The main problem in using X-rays or neutrons or radioisotopes for medical diagnosis is the danger of causing damage to the patient by radiation. The danger of overexposure necessitates the use for a very weak X-ray or neutron beam, which means that the X-ray intensity must be very low and we have, therefore, only a small number of X-ray quanta in the invisible image of the human body. If we do not use all of available X-ray quanta, We will not be able to reproduce an image having all the necessary intelligence, no matter how much we will subse quently intensify this image by electronic means. The solution of this problem is to provide an invisible radiation receptor which will utilize all incoming photons of radiation, which means it Will have quantum efiiciency close to unity. The present X-ray receivers of photoemissive type have a very low quantum efficiency, such as of the order of a fraction of 5% and, therefore, suffer from a basic limitation, as explained above.

The objectives of this invention are obtained by a novel invisible radiation sensitive device. This device has X- ray or neutron receiving screen of material, which exhibits property of producing a current of electrical charges (electrons and position holes) in response to X-rays or neutron beam. The invisible X-ray or neutron image produces, in the invisible radiation sensitive screen, a pattern of electrical charges with a high quantum efliciency, such as approaching unity. The electrical charges have the pattern of the X-ray or neutron image. They cannot, however, be used directly for production of a visible image as they are in many cases too weak. My device provides amplification of said weak charges or potentials by means of a novel mosaic image amplifier of solid state type which amplifies all said charges or potentials simultaneously to the level at which they can be used for production of a visible image. In addition my device provides novel means for the read-out of said amplified charges or potentials and which means may be of a vacuum tube type or of a solid state type.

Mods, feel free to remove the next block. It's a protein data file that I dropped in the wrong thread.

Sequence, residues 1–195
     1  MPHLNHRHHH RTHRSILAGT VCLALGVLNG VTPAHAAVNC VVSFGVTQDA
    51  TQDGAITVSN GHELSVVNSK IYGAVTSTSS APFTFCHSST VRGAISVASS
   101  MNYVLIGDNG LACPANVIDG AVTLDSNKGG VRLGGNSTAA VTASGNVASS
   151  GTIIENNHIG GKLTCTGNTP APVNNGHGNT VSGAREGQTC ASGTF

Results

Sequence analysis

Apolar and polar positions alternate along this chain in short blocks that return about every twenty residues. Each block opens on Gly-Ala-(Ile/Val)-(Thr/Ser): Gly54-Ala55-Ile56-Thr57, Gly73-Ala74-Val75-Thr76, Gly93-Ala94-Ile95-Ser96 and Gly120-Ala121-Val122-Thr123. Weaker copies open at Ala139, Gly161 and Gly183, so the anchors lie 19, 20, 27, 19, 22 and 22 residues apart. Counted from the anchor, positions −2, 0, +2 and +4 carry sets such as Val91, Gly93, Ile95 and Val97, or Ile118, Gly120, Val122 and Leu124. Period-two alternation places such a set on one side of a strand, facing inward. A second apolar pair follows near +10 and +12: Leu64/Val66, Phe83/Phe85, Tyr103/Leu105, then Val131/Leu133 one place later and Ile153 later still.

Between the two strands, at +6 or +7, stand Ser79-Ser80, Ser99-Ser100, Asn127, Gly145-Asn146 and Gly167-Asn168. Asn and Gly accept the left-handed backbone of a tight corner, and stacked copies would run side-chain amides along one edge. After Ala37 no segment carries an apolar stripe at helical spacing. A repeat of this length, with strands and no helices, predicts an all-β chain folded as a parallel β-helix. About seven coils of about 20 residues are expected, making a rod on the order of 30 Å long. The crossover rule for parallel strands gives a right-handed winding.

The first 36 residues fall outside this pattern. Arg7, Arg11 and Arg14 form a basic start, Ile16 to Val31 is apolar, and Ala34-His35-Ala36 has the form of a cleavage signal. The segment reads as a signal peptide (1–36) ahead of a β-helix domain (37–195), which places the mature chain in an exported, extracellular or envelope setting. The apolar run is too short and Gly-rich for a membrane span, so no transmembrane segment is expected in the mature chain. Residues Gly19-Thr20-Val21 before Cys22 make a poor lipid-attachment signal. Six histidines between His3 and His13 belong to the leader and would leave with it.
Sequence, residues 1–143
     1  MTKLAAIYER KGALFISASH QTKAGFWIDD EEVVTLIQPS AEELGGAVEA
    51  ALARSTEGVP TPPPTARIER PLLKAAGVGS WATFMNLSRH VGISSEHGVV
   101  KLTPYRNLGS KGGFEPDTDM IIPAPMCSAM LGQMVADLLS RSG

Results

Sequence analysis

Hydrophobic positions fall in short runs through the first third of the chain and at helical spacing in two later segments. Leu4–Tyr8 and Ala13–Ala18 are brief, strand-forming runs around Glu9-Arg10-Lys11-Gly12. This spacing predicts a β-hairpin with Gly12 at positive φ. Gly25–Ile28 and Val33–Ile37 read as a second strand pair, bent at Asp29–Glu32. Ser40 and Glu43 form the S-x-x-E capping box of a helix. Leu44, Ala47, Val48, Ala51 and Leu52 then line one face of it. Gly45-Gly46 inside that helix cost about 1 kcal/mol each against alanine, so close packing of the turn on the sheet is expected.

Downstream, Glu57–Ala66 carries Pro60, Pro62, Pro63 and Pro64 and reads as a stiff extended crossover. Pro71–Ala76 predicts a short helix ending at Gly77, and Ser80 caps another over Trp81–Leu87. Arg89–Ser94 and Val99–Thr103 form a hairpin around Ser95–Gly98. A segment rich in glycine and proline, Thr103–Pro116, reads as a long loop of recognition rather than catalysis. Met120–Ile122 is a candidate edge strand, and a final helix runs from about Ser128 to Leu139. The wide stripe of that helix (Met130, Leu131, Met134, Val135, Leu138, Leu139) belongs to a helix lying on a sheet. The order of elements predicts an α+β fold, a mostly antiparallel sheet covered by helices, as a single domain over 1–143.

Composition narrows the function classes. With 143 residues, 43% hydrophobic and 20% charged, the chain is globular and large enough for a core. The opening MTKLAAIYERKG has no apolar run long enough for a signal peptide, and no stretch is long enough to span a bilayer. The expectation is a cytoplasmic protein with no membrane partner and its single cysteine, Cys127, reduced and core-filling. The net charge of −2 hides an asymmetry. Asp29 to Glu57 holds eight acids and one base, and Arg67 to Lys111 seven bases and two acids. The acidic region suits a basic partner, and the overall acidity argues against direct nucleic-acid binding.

My device will be especially useful in medicine for radio-isotope images which are always very weak as the amount of radioactive material which can be safely given to the patient is very limited. My invention will be also useful in thermography which means a diagnostic procedure using infrared rays emitted by the body. My device will be also useful for medical diagnosis by means of supersonic images.

It should be understood that my invention is not limited to the use in healing sciences but may be also used for industrial testing and in scientfic research.

The invention will be better understood when taken in connection with the accompanying drawings.

In the drawings:

FIGURE 1 represents a diagrammatic view of the X- ray image intensifier device.

FIGURES 1A, 1B and 1C represent modifications of a vacuum tube type read-out device.

FIGURE 1D represents a solid-state type of read-out device.

FIGURE 2, FIG. 2A and FIG. 2B represent a diagrammatic front view of solid-state read-out device.

FIGURE 3 represents a diagrammatic view of a modification of image intensifying device.

FIGURE 3A represents a modification of image intensifying device.